Kentucky woman finds nurse who cared for her husband dying of COVID

Published 5:45 am Saturday, November 27, 2021

One recent morning at 3 a.m., Kim Gentry took to Facebook to find the “angel nurse” who cared for her husband as he lay dying of COVID at Lexington’s Baptist Health Hospital.

Gentry wanted to know if her husband was scared and what he had said in his last days. She had only been allowed to go to the hospital 30 minutes before he died. She could only remember that the nurse’s name was Amanda.

“On February 8th this year my husband was taken to Central Baptist by ambulance,” Gentry posted earlier this fall. “He tested positive for Covid and was sent (to) ICU. I wasn’t allowed to be with him and sadly he passed away on (the) 19th.”

“I’m hoping that you can help me find his nurse. Her name was Amanda and she was on duty in ICU at Central around 4 in the afternoon on the 19th when he passed away,” Gentry said on a Facebook page called Ladies of Lexington. “I know she spent most of the day with my husband and I think it would just give me some closure if I got to talk to her. By the time I was allowed to go the hospital he was already almost gone and I don’t even know if he knew I was there.”

“If you know this special nurse angel can you please reach out to (see) if she would be willing to talk to me?” Gentry asked. Gentry couldn’t go to the hospital and see her husband because she had COVID too.

Within eight hours of when Gentry posted her plea, a nursing supervisor at Baptist Health saw it. She contacted a nurse named Amanda Forsythe. Forsythe’s sister-in-law had also seen Gentry’s post.

Forsythe responded.

“Hi Kim Gentry, I took care of your husband… he knew you were there. He loved you very, very much. “ Forsythe said in a post.


Kim and Bobby Gentry met in 1979 in Western Kentucky. They got married in 1981 when she was 22 and he was 46. He helped her raise her son from a former marriage. They were married 39 years. They moved to Lexington when she transferred with Kentucky Utilities. Gentry, an Air Force Veteran, had worked for both Blue Grass Airport and the University of Kentucky in security. He had coronary artery disease, but “still got around good”, Kim Gentry said, until the beginning of year.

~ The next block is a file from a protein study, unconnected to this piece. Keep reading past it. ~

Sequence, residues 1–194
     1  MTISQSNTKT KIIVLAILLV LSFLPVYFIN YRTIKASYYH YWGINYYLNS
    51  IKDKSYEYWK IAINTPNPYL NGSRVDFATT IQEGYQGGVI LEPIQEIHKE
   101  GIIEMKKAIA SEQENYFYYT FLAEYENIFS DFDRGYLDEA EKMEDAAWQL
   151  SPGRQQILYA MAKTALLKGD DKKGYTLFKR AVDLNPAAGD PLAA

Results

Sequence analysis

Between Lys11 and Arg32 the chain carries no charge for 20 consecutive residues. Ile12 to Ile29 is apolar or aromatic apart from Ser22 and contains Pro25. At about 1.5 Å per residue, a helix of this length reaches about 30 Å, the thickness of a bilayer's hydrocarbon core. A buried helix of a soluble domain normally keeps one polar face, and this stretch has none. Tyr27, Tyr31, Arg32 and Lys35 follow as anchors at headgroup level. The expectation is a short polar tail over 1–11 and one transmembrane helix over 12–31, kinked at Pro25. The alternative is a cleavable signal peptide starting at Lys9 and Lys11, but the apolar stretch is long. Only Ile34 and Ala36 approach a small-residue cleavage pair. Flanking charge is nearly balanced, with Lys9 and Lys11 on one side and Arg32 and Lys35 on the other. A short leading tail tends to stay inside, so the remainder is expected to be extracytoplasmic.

In Feburary 2021, when people were first allowed to get the COVID vaccine, he got one. But after he was vaccinated, he tested positive for COVID. He became so weak that Kim Gentry called 911 and an ambulance took him to Baptist Health. She was not eligible at that point to get the vaccine.

Since the coronavirus pandemic broke out in March 2020, the scenario with nurses and family members has been a familiar one across the nation.

Ruth Ann Childers, a spokeswoman for Baptist Health of Lexington, said the hospital has “all these nurses who have stepped in to take the place of family members. They have risen to that challenge during this really difficult time. They are truly on the front line. There are times when family members can’t get there or they can’t be there because the patient is COVID positive.”

“This has been something they have dealt with through out this pandemic or are still dealing with on a daily basis,” Childers said. “This pandemic is not over for us.”

“We had never been apart that much,” Gentry told the Herald-Leader Tuesday. “I didn’t know if he was ready to die. I didn’t know if he was scared.”


The two women met in October in the hospital chapel. They found they were both from Western Kentucky and knew some of same people.

The nurse had told her she wished she could save her 86-year-old husband and send him home with her.

“I was kind of nervous about seeing her,” Forsythe told the Herald-Leader. “Up until the day he passed away, I had only spoken with her on the phone. It was good to see her.”

“She wanted to know if he was scared,” to die, because he decided not to be put on a ventilator, Forsythe said. “He wasn’t. He was at peace with his decision. He said he didn’t think he would ever come off of it” in view of his other health conditions.

Gentry brought Forsythe an angel wing necklace to their meeting.

With Gentry facing her first Thanksgiving without her husband, the women, now Facebook friends, have been thinking of each other.

“I think about her and all of my families,” Forsythe said.

“It’s a hard week,” Gentry said.

Forsythe said it had to be hard to lose someone who had been active just weeks before.

“I hate that it ended the way it did because they were very much in love,” she said. “He just really loved her a lot.”

“He was one of those patients who I really got close to. I went home crying more than once because I knew what was going to happen,” she said.

“To this day, I get teared up about it,” she said.

“It was the most precious special meeting,” Gentry said in a follow-up post to members of Ladies of Lexington. “Lot’s of tears and laughter but also answers for closure.”

“Thank you all from the bottom of my heart for helping me find Amanda. My heart feels just a little more healed today after getting to hug and talk to her,” she said in a post.

As the holiday season approaches, Gentry hopes people will keep nurses and other front-line workers close to heart.

“Keep these special Angels in your daily prayers. They are walking a hard road right now. Yes, they choose their profession they are in and knew that death would be a part of it but not like this. They are as traumatized as the people losing loved ones watching death after death and not being to do anything to save them,” Gentry said.